Lety Concentration Camp, the Czech Republic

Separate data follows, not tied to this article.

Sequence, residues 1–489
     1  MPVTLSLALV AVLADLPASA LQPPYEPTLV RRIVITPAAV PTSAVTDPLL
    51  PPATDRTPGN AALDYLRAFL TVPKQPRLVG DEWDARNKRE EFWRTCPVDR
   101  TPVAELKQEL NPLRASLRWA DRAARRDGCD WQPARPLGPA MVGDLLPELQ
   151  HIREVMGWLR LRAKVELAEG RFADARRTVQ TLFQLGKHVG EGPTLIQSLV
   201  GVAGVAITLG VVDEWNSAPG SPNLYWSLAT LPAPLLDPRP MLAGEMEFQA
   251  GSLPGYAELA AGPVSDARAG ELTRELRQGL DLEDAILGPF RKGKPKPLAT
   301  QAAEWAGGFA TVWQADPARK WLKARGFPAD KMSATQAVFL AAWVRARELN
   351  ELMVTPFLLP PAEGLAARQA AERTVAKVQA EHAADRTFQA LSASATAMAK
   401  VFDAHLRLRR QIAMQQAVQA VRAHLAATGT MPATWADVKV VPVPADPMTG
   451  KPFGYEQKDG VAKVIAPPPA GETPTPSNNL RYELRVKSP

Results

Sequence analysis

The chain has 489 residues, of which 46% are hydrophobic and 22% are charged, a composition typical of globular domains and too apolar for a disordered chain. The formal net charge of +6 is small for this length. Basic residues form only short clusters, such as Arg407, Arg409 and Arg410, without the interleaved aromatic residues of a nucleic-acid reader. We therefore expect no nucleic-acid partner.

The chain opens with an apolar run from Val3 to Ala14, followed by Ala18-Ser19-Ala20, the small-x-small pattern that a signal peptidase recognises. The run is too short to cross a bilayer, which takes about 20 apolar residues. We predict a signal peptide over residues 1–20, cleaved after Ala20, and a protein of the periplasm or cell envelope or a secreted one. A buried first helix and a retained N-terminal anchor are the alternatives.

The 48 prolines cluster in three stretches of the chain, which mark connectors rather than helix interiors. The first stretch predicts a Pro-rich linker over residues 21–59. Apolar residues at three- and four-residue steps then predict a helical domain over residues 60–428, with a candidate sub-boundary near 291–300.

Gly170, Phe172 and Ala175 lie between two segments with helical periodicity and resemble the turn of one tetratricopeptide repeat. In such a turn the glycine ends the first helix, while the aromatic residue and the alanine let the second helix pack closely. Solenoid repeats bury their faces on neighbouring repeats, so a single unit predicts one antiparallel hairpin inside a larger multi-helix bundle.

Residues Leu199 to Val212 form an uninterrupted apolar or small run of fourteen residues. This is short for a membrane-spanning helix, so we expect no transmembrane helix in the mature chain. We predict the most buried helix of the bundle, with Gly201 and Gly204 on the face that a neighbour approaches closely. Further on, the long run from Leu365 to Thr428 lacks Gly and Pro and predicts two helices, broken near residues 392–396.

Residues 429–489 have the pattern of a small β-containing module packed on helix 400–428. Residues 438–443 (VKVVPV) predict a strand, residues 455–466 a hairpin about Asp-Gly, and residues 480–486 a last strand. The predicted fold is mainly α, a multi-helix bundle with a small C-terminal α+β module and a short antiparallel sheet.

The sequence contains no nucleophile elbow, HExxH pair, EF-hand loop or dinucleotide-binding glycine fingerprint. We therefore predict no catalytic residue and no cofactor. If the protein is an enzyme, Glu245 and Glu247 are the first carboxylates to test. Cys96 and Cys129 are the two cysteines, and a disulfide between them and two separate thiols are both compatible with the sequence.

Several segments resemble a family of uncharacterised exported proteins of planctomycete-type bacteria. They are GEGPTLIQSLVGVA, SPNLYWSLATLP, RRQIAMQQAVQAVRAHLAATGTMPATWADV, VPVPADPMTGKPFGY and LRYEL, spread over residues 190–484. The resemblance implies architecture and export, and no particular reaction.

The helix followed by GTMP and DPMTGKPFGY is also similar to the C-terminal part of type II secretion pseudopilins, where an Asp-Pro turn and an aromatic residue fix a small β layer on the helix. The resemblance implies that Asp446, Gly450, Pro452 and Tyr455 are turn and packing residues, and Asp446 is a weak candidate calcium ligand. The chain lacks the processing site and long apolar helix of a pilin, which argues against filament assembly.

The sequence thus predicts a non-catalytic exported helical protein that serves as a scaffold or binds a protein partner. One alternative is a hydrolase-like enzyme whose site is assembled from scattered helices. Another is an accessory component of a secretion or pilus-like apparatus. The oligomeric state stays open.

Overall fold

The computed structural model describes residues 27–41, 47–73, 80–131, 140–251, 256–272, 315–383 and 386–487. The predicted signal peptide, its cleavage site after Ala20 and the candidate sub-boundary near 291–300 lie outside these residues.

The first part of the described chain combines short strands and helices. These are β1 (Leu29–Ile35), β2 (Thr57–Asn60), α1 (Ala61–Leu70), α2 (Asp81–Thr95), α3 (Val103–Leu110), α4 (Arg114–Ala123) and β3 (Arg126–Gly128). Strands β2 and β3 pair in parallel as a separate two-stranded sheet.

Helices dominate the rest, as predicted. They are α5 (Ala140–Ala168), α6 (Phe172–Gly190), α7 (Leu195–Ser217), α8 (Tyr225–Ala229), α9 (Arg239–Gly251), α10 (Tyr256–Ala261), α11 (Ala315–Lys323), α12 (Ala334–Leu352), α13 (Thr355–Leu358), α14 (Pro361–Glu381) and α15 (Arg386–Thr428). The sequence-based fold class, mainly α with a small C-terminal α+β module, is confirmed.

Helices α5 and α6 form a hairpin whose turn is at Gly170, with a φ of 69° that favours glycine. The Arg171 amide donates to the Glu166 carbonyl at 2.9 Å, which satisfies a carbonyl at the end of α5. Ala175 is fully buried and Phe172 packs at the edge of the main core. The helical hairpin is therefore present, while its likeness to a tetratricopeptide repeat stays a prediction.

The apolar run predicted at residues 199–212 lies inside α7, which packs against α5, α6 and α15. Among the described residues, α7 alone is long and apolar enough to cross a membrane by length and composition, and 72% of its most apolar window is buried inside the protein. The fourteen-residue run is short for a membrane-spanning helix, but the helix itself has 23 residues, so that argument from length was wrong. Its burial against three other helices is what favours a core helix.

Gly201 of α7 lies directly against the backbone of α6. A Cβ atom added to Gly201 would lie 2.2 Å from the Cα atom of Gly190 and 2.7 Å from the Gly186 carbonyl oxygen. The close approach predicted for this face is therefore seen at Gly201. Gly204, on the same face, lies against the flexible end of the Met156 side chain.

The  internment camp for the Romani community was set in the Protectorate of Bohemia and Moravia during the German occupation of Czechoslovakia. Meant as  a correctional facility for asocials, under the forced labour politics for those without a stable residence or income widespread in occupied Europe. Around 50,000 people went through such labour camps during the war in the country. The numbers of prisoners and of victims of Lety remain debated (around 1 300 people were interned in the camp, out of whom we know about 326 surviving their internment) but insufficient food rations and lack of basic infrastructure together with the brutality of the guards and a typhoid epidemics are recurrent in the testimonies of these survivors. As forced labourers they performed work on roads around Plzeň and Ostrava and in forestry and agriculture.  Around 500 people detained in Lety were transported to Auschwitz in 1942 and 1943. After the closure of the camp due to an epidemic, surviving prisoners were sent to Hodonín or to camps in Prague and Pardubice. Today, the perimeter of the former camp is hidden underneath a newer farm infrastructure.